2013 Credit Card Debt Misleading Unless You Know Why

by
Richard Fonfrias, J.D.
Chicago's Financial Rescue & Bankruptcy Lawyer
Fonfrias Law Group, LLC




The three largest sources of household debts are first, mortgage debt; second, student loan debt; and third, credit card debt.

Federal Reserve statistics tell us that as of June 2013, U.S. household average consumer credit card debt is $15,216, averaging only those households that have credit card debt. (If you consider all households, then the average credit card debt is $7,098.) The average mortgage debt is $148,443; and average student loan debt is $32,054.

All totaled, U.S. consumers owe $11.19 trillion in debt, which is 1.5 percent lower than last year, as follows: $849.8 billion in credit card debt; $7.9 trillion in mortgage debt; and $992.7 billion in student loan debt, a 7 percent increase from last year.

The relatively level amount of credit card debt could mean two things: First, if consumers are spending more, they help stimulate the economy, resulting in more jobs and higher incomes. But if wages and employment are sluggish, this could mean that families are using credit cards to pay routine household bills, rather than an increase in consumer confidence.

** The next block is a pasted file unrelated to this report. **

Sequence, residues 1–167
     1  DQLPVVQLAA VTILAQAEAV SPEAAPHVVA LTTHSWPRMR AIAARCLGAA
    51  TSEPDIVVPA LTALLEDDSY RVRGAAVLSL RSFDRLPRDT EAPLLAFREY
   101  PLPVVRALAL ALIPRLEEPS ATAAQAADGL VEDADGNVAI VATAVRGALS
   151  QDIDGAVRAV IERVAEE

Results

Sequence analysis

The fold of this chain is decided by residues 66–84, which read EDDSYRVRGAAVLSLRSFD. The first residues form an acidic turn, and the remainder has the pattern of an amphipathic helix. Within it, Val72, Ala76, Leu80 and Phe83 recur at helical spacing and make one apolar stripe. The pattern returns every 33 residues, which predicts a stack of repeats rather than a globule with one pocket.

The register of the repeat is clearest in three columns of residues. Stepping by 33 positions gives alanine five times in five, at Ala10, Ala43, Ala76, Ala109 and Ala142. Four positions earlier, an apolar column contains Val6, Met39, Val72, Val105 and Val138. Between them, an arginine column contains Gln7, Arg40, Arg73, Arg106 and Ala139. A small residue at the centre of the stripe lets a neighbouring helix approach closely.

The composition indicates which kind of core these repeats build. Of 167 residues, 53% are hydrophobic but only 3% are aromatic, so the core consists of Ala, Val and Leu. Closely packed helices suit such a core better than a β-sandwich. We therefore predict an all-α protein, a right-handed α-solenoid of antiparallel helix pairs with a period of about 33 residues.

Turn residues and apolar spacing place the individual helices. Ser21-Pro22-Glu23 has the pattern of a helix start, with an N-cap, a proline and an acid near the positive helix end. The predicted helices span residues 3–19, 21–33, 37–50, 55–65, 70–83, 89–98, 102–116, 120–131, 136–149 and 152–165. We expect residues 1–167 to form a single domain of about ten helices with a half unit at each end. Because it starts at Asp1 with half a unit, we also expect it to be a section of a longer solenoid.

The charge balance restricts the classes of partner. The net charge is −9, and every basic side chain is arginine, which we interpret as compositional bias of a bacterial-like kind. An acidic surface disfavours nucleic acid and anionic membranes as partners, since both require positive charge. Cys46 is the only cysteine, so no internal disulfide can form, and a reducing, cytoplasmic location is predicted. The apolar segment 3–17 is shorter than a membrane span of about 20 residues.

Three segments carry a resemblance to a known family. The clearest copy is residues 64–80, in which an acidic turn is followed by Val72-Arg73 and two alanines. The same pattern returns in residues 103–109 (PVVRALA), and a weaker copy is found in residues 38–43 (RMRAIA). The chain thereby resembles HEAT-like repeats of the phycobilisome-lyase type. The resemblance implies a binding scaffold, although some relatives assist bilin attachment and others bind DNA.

While the amount of consumer debt is falling overall, this is not due to repayment or consumers working harder at credit card debt elimination; rather it's due to defaults. So why did the number of defaults increase?

In 2010, credit card issuers wrote off seriously past-due accounts, which reduced the overall revolving credit card debt. In the second quarter of 2010, the charge-off rate rose to 10.9 percent, which was over triple the amount in first quarter 2006, when it was just 3.1 percent. As a result, charge-offs and credit card debt settlements accounted for a large part of the debt reduction.

As the number of charge-offs increased, credit card issuers reduced the number of credit cards they approved and they granted cards only to more creditworthy customers with good credit scores. So the rate of charge-offs appears to be a one-time correction instead of an increase in consumers' income or financial responsibility.

Today, as the economy slowly improves, we see credit card companies beginning to loosen their standards by allowing more consumers to borrow more money. And, as the economy gets stronger, you can expect household indebtedness to once again increase.

So while we see credit card debt per household decreasing from $16,675 in 2006 to $15,374 in 2012, the primary reason is due to the increased number of charge-offs, which changes the appearance of the banks' profit and loss statements.